True Blue Scouts of Sugar Man Swamp

True Blue Scouts of Sugar Man Swamp

Book Information

Reader Personality Type
Publisher
Atheneum July 2013
Curriculum
Language Arts Curriculum

"Now  the night was bright and the stars threw light
On  Billy and Davy dancin' in the moonlight"
--  Bruce Springsteen, "Spirit in the Night"
"In  that bright new moment of the night, Bingo had one thing on his mind,
one  singular sensation: climb.
"J'miah  had one thing on his mind too: prevent Bingo from meeting the same
fate as Great  Uncle Banjo.  It was an unsettling thought, one that made
him imagine two  different options.  The first option was to climb up  after
Bingo.  With a shiver, he quickly erased that thought out of his  mind.
"But  the second option was almost as bad: to stand at the bottom of the
tree and  catch Bingo if he fell.  That gave J'miah a vision of two flattened
raccoons.  Rather like a stack of stripy pancakes, without the butter and
syrup.
"Then  it occurred to him that he had a third option.  He would just pull
his  invisible thinking cap so far over his eyes that he would not be able to
see  Bingo's death-defying climb at all.  That way, if his brother fell,
J'miah  would be spared the horror of witnessing it, and also would not be
forced to try  to save him.  Although he had to admit that it was a somewhat
cowardly  option, it seemed like the most reasonable course of action.
"Sadly,  none of J'miah's thoughts slowed Bingo down."
Excuse  me.  I'm going to head off on a tangent here for a minute.
These  days, I'm living communally with a bunch of young folks, most of
whom  are spending chunks of the summer attending various music-filled  "tribal
gatherings" around California and beyond.  In a weaker moment  yesterday, I
got talked into going online and buying a ticket for a  four-day "tribal
gathering" happening over a weekend a ways  up north of here.  This is a new
one for me.  I'm not sure what to  expect, but the website tells me that "In
the embrace of a majestic redwood  forest we celebrate our culture through
dance, art, nature and the unyielding  gift of the human spirit."  Okay,
then.  All righty.
I  asked my young housemates what I'll need to pack, and I scribbled down
a list of what they advised.  Then, a bit later, I got a text from one  of
my housemates further advising me that I might consider bringing  along some
books and offering story times over the weekend.  A couple of  minutes
later, this was followed by another text suggesting that  I paint a "StoryTime
with Richie" sign and "put whatever time you want to  read at...wherever you
want in the forest."
So  now I'm understanding that I am to become part of creating this
celebration.  That's cool.  But my next thought is: Well, what's  something
amazing that I can bring to read, something that will astound a  mixed audience of
young kids and grown-up kids who are celebrating nature  and the human
spirit amidst a majestic redwood forest?
And  it must have been my golden day yesterday, because just like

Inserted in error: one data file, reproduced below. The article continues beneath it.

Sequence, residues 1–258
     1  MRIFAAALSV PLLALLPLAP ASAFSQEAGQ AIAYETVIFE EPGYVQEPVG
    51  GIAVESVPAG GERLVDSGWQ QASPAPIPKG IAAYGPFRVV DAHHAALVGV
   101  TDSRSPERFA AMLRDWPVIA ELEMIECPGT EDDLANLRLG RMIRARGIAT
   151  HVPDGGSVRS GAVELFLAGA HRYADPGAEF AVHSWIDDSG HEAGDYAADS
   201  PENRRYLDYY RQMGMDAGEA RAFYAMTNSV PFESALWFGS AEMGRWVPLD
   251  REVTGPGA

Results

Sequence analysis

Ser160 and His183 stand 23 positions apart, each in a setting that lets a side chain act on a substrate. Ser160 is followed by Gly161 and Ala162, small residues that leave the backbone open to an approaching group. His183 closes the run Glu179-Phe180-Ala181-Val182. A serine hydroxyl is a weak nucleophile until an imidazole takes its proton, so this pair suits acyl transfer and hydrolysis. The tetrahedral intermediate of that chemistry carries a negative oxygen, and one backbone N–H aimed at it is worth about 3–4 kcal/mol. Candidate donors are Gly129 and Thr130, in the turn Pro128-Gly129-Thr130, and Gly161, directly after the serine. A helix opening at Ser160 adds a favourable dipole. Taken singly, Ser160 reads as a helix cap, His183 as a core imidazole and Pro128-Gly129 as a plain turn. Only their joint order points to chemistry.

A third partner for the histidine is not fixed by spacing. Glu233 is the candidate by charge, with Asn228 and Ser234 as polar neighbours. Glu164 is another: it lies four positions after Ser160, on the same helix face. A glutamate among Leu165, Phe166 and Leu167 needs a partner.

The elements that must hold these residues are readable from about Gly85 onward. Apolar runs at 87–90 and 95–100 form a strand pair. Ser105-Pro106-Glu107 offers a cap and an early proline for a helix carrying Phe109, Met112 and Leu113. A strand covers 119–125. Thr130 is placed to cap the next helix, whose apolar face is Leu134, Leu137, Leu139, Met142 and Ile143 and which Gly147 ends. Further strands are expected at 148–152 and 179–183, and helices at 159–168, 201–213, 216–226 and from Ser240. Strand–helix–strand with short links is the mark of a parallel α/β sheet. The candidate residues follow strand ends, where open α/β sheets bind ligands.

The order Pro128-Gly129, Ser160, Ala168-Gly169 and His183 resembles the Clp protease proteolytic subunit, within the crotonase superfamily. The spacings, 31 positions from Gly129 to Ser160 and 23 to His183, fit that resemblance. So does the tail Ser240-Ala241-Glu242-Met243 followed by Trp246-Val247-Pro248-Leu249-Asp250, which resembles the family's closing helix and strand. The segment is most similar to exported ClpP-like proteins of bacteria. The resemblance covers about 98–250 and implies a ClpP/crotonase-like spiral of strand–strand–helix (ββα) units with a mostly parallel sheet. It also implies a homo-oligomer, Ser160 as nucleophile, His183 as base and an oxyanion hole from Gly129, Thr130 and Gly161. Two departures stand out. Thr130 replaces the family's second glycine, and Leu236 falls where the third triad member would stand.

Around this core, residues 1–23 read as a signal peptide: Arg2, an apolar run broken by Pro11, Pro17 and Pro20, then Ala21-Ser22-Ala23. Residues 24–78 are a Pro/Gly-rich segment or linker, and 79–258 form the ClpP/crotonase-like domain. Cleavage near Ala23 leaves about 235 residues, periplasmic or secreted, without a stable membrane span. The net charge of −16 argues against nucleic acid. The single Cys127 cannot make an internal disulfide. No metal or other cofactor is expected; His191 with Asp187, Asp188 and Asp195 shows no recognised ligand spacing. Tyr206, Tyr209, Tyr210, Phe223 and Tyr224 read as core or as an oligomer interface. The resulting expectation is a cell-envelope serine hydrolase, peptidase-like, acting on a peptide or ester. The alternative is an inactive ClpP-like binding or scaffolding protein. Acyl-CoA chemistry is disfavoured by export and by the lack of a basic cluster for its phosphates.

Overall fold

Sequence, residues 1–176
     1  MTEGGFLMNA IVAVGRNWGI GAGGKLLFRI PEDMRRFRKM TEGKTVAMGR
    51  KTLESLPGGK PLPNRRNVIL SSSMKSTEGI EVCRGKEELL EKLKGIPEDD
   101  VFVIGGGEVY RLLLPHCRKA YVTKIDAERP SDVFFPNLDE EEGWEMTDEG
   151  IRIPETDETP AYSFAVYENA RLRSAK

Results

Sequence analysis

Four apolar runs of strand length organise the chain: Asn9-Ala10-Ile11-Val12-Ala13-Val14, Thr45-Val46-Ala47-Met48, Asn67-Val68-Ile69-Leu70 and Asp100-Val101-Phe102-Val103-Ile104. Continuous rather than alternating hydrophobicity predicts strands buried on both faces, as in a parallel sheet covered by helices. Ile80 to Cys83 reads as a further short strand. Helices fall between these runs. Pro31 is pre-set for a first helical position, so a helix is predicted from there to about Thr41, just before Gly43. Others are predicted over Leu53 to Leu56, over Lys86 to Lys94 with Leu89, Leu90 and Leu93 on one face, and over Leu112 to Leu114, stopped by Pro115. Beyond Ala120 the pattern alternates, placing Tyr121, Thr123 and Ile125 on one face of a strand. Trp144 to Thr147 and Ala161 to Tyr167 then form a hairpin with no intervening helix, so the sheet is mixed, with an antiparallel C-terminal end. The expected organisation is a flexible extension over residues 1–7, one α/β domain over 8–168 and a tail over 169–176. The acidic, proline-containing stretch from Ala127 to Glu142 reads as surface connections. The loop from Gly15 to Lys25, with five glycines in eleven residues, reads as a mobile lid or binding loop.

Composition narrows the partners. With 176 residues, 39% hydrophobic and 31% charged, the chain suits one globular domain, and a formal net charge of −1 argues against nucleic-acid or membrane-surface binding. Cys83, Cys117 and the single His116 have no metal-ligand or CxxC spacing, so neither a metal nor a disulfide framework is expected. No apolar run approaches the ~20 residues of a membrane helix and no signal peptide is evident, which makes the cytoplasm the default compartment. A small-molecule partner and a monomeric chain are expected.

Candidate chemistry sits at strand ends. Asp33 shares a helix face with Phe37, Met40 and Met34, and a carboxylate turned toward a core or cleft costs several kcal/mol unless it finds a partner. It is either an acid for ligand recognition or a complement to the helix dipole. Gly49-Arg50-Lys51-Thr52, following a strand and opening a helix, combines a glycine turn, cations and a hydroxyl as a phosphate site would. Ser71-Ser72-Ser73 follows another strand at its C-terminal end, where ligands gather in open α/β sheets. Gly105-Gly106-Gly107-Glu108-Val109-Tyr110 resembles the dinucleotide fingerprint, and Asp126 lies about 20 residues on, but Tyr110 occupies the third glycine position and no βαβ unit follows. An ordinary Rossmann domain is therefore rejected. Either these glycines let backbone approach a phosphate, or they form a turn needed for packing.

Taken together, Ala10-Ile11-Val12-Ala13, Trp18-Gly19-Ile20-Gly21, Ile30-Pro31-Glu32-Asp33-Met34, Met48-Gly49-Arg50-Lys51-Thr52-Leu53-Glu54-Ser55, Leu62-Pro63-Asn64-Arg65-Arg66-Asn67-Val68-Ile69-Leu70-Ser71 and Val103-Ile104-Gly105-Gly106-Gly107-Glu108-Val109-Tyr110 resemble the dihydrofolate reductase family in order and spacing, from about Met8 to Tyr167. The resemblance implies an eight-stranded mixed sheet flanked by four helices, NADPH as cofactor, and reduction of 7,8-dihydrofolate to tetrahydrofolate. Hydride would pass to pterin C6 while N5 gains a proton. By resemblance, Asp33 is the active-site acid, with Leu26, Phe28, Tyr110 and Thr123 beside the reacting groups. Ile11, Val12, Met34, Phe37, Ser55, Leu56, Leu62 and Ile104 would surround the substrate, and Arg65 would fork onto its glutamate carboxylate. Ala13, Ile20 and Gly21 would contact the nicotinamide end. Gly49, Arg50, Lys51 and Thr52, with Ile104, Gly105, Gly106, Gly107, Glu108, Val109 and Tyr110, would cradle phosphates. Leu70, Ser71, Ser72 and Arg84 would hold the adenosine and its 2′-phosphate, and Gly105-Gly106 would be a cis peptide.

clockwork, the UPS  guy shows up at that very moment with an advance copy of THE TRUE
BLUE  SCOUTS OF SUGAR MAN SWAMP which (having now spent all today reading
it)  is so darn good that I'm now totally psyched about painting a  StoryTime
sign and getting to sit there in the majestic redwoods reading this  one
aloud all weekend to whatever kids, critters, and random spirits happen to
feel like coming by and listening.
Here's  why THE TRUE BLUE SCOUTS OF SUGAR MAN SWAMP has made me a happy
camper and  now becomes my favorite book of this year:
It  is LMAO funny.  There is smart humor and goofy humor and physical humor
and  hyperbole and hysterical twists and turns of phrase.
It  is filled with great language, words like aught, denizen, procyonid,
falderal, Alouicious, extant, peccaries, ruminations, milieu, cryptid, and
certitude.
It  is a noisy book, crafted with a wealth of onomatopoeia that is  both
powerfully descriptive and really entertaining.
There  are pirates and rowdy sea chanteys and canebrake rattlesnakes
(Crotalus  horridus giganticus) and lullabies.
There  are three really important, somewhat interrelated, environmental
issues.
There  is a wonderful twelve year-old boy character,  Chaparral Brayburn,
who has to deal both with the bad guys  and with those raucous raccoon
brothers.
There is  an amazing development of interconnections between a sixteenth
century  conquistador, a bunch of evil hogs, and a rusted-out, somewhat
magical  car.
"His  instinct was to head for the hills, but are there any hills in the
swamp?   We think you can answer that question all by yourself.  Poor Leroy
was  stuck."
This  one left me as wired as a great rock concert.  I've preordered my
finished  copy.  Now I'm wanting to know where I can get one of the tour tee
shirts.

384 pages  Ages 9-12  978-1-4424-2105-9

Recommended by:  Richie  Partington, MLIS
See more of his recommendations at:  Richie's Picks _http://richiespicks.com_ (http://richiespicks.com/)
BudNotBuddy@aol.com

ALSC Tween Recommended Reads  http://www.ala.org/alsc/sites/ala.org.alsc/files/content/Tween13_RecReadsList.pdf

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